The Internet is an amazing resource, isn’t it? For good (and sometimes for unsavory) reasons.
As a guy who grew to manhood during Rock ‘n’ Roll’s Golden Age, I find it remarkable that I can watch videos of many of the singers and groups I enjoyed back in the day. You know some of the names…Elvis, Chuck Berry, Roy Orbison, Brenda Lee, the Platters, the Everly Brothers, and, yes, the ill-fated Buddy Holly and Ritchie Valens. All were inducted into the Rock ‘n’ Roll Hall of Fame.
Other personal favorites were one-hit wonders -- the Aquatones, the Demensions (a misspelling?), the Nutmegs, the Penguins -- but I’ve found videos of these doo wop groups on the Internet, too.
Unless you were there, you may find it difficult to believe how talented these performers were, and to what lengths we’d go to see them.
As a teen, I made the trek to the old State Theater in Hartford to watch a few of Alan Freed’s shows. In Christmas week of 1956, my friend Jack and I boarded the New Haven Railroad for a trip to New York City, where Freed’s holiday show was performing to sell-out crowds at the Paramount Theater on Broadway.
If memory serves, the roster of stars at the Paramount included Jerry Lee Lewis, Fats Domino, Jackie Wilson, a young Paul Anka, the Everly Brothers, Bo Diddley, Jimmy Clanton, Clyde McPhatter and the “blonde bombshell,” Joanne Campbell. Kids were literally dancing in the aisles.
Growing up in the New Haven area, we were delighted when a local group named the Five Satins crashed the national spotlight in 1956 with their hit, “In the Still of the Night.” You may have seen the lead singer, Fred Parris, accompanied by a new group of Satins perform on PBS specials in recent years.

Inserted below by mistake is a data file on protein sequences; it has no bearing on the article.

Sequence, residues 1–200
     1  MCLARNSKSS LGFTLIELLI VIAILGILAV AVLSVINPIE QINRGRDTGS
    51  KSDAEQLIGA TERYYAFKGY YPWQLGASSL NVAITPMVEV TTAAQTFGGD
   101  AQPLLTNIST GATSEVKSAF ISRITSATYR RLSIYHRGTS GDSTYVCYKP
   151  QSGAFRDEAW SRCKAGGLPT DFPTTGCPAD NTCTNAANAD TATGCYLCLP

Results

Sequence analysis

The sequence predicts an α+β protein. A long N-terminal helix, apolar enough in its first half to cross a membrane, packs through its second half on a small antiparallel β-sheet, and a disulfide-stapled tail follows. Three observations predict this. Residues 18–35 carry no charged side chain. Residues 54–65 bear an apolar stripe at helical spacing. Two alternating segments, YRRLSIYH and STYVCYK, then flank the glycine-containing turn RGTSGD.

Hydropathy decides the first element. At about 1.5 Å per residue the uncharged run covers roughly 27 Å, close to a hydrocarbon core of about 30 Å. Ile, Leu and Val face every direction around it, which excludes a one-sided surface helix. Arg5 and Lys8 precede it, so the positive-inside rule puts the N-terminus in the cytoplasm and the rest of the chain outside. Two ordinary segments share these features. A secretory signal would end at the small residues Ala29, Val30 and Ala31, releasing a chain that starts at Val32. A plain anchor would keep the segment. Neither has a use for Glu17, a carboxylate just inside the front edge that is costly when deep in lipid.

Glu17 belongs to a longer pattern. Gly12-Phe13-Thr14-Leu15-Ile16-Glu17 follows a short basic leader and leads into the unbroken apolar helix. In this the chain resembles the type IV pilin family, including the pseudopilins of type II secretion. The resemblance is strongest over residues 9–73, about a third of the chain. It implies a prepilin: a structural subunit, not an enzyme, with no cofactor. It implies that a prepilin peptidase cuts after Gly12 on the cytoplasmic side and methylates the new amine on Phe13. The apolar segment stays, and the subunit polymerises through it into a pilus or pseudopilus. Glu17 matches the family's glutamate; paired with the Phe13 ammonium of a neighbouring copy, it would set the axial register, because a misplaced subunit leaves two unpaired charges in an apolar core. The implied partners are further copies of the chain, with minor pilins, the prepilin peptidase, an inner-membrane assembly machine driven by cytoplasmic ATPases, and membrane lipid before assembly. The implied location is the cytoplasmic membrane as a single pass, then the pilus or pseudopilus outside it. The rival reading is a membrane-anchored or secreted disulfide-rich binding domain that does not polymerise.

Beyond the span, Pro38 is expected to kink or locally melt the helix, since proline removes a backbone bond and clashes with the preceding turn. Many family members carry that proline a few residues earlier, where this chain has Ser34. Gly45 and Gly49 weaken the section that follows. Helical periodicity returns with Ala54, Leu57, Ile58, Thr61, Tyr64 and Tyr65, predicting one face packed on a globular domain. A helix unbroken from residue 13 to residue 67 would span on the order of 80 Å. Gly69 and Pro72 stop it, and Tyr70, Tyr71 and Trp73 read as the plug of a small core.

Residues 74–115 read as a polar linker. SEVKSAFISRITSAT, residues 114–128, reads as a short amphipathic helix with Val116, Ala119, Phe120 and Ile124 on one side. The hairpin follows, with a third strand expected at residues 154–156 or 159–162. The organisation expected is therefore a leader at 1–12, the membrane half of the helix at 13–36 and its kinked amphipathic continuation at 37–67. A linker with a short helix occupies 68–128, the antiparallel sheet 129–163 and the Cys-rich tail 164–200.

A close friend from New Haven, Andy Dio, was an aspiring singer and trumpet player who performed throughout Connecticut and cut several records in the late ‘50s. One evening, I accompanied Andy to Pleasure Beach in Bridgeport where he shared the stage with Bobby Rydell. I may be biased, but the applause for Andy that night exceeded that for the better-known Rydell.
On another occasion, Andy and I encountered Alan Freed in the lobby of the State Theater in Hartford. (I can’t recall whether the disc jockey who coined the term ‘Rock ‘n’ Roll’ and popularized the music throughout the U.S. was arriving or departing.) Andy provided an introduction.
My late mother-in-law, Alice Cook, was aware of my fondness for doo wop and, on one birthday, she presented me the book Rock On: The Illustrated Encyclopedia of Rock n’ Roll, written by Norm N. Nite. It was helpful for me to compile this alphabetized list of my personal favorite artists and their most memorable songs. Enjoy.
The Aquatones, “You,” 1958
Chuck Berry, “Sweet Little Sixteen,” 1958
The Cleftones, “Little Girl of Mine,” 1956
The Crests, “Sixteen Candles,” 1958
The Del Vikings, “Come Go With Me,” 1957
The Demensions, “Over the Rainbow,” 1960
The Duprees, “You Belong to Me,” 1962
The Everly Brothers, “Wake Up Little Susie,” 1957
The Five Satins, “In the Still of the Night,” 1956
The Flamingos, “Lovers Never Say Goodbye,” 1958
Charlie Gracie, “Butterfly,” 1957
Buddy Holly and the Crickets, “That’ll Be the Day,” 1957
Johnnie and Joe, “Over the Mountain, Across the Sea,” 1957
Buddy Knox, “Party Doll,” 1957
Brenda Lee, “That’s All You Gotta Do,” 1960
Mickey and Sylvia, “Love is Strange,” 1956
The Nutmegs, “Story Untold,” 1955
Roy Orbison, “Ooby Dooby,” 1956
The Penguins, “Earth Angel,” 1954
The Platters, “The Great Pretender,” 1955
Elvis Presley, “Don’t Be Cruel,” 1956
Bobby Rydell, “Kissin’ Time,” 1959
Jack Scott, “My True Love,” 1958
The Teddy Bears, “To Know Him is to Love Him,” 1958
Ritchie Valens, “Donna,” 1958
Jackie Wilson, “Lonely Teardrops,” 1958
Kathy Young and the Innocents, “A Thousand Stars,” 1960
Happy New Year to all Patch readers.